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January 25th, 2010
12:08 PM ET

Venting of compassion

By Dr. Sanjay Gupta
CNN Chief Medical Correspondent

In the aftermath of natural disasters, there is what I call a “venting of compassion.” It is a phrase I coined a few years ago after reporting on the tsunami in Sri Lanka. I was there for a few weeks and I soon saw a rush of aid to the devastated regions. Seemingly more water bottles than the nearby Indian Ocean, more T-shirts than the entire population of the country and aid organizations flying, driving and shipping in with relief supplies in hand, earnest to help. For me, and many people, seeing the images on TV and hearing the stories of anguish, stirs something deep in our humanity. We have an innate, instinctive, almost reflexive need to help. It is as if the world starts to vent compassion. Read more on why we feel compelled to help after a disaster.

It is a galvanizing thing to witness and I remember being so fulfilled to work side by side with these generous souls and report on their healing hands. It is a good thing and it is happening now in Haiti as well. Even as I write this blog, there planes circling overhead in Port-au-Prince with folks with humanitarian aid hoping to get a slot to land. If they can’t land here, they will most likely land in neighboring Dominican Republic and convoy across the border. Anything to lend a helping hand and have a therapeutic impact in a place that could really use it.

That is why it might not be that surprising that after a few days of limited help, there is now such a surge of surgeons, some medical personnel are being turned away from some of the big hospitals in Port-au-Prince. “We appreciate your efforts, but we have more surgeons than we need,” is being repeated at the general hospital in downtown. I was told of one neurosurgeon from Oregon who started crying upon hearing these words. “Surely, there is something I can do,” she sobbed. The director of the hospital had her changing dressings and helping clean up the area, and she happily complied. Anything to help, anything at all, anything – to vent compassion.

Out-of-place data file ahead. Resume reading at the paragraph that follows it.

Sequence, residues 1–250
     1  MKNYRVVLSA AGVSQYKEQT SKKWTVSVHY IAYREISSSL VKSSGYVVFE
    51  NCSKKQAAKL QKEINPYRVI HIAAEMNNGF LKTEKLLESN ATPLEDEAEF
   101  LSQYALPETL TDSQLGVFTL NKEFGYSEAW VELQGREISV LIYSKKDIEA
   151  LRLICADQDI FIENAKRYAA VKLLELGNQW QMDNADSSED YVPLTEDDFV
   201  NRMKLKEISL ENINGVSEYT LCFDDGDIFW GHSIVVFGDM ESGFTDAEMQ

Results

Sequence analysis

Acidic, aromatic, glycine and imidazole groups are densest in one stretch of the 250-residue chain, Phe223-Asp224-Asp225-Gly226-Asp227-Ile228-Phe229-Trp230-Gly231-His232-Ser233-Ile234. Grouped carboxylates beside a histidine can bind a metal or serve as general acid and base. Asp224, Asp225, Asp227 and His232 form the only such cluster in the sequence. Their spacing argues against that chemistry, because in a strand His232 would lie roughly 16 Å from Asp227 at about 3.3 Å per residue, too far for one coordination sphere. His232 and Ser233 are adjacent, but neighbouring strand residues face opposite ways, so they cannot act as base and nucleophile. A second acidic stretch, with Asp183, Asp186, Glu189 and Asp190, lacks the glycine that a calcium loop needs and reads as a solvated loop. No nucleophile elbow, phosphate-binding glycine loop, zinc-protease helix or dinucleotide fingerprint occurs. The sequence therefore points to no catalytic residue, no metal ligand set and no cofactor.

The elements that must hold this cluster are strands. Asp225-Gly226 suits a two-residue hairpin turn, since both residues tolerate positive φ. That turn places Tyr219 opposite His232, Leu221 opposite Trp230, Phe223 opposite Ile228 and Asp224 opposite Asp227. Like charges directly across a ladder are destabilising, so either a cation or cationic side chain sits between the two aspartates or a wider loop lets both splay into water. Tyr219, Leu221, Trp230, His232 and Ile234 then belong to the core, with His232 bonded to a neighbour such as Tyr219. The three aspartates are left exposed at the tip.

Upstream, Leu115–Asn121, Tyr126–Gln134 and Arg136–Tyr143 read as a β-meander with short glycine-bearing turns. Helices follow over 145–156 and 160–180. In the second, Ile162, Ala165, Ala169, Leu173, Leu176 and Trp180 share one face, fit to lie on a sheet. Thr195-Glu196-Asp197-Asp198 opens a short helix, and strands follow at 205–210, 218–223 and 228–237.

To be sure, there are medical needs here in Haiti, and the need will be persistent in the months and years to come.  However, as I am learning, some of the unmet needs are farther away from Port-au-Prince and in the mountain areas, which are often forgotten. Mobile surgical teams are now being created to help there. And, while there may be an adequate number of neurosurgeons in some areas, there are hardly ever enough of the true workhorses of any hospital, nurses. Most places still need both acute and chronic nursing care.  And, what of all the amputees, having lost their limbs while being extricated from rubble or because of gangrene. They will need rehabilitation and prosthetics to walk, run, and even dance again.

Yes, the venting of compassion is undeniably a good thing. But it must be a productive, effective and organized venting as well. Perhaps, planning a humanitarian trip in a few weeks or months would be a smart strategy for you, if you are considering this. In a short time TVs are likely to go dark on this story and you will have to flip through many pages of copy to get to a story about Haiti, but continue to vent your compassion. I will be right there with you.

Editor's Note: Medical news is a popular but sensitive subject rooted in science. We receive many comments on this blog each day; not all are posted. Our hope is that much will be learned from the sharing of useful information and personal experiences based on the medical and health topics of the blog. We encourage you to focus your comments on those medical and health topics and we appreciate your input. Thank you for your participation.


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About this blog

Get a behind-the-scenes look at the latest stories from CNN Chief Medical Correspondent, Dr. Sanjay Gupta, Senior Medical Correspondent Elizabeth Cohen and the CNN Medical Unit producers. They'll share news and views on health and medical trends - info that will help you take better care of yourself and the people you love.

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